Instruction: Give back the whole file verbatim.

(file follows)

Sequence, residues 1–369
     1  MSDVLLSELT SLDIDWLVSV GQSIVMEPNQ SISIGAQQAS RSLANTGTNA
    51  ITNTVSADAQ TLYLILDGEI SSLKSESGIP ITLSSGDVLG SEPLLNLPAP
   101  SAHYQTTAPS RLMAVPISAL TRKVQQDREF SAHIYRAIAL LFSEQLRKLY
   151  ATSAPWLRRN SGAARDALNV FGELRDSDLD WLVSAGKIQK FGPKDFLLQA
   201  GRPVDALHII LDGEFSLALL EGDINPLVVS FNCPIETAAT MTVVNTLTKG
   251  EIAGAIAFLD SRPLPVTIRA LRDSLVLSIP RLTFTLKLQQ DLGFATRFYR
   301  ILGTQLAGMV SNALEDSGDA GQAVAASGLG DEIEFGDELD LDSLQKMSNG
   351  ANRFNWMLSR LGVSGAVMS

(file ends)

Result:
Sequence, residues 1–369
     1  MSDVLLSELT SLDIDWLVSV GQSIVMEPNQ SISIGAQQAS RSLANTGTNA
    51  ITNTVSADAQ TLYLILDGEI SSLKSESGIP ITLSSGDVLG SEPLLNLPAP
   101  SAHYQTTAPS RLMAVPISAL TRKVQQDREF SAHIYRAIAL LFSEQLRKLY
   151  ATSAPWLRRN SGAARDALNV FGELRDSDLD WLVSAGKIQK FGPKDFLLQA
   201  GRPVDALHII LDGEFSLALL EGDINPLVVS FNCPIETAAT MTVVNTLTKG
   251  EIAGAIAFLD SRPLPVTIRA LRDSLVLSIP RLTFTLKLQQ DLGFATRFYR
   301  ILGTQLAGMV SNALEDSGDA GQAVAASGLG DEIEFGDELD LDSLQKMSNG
   351  ANRFNWMLSR LGVSGAVMS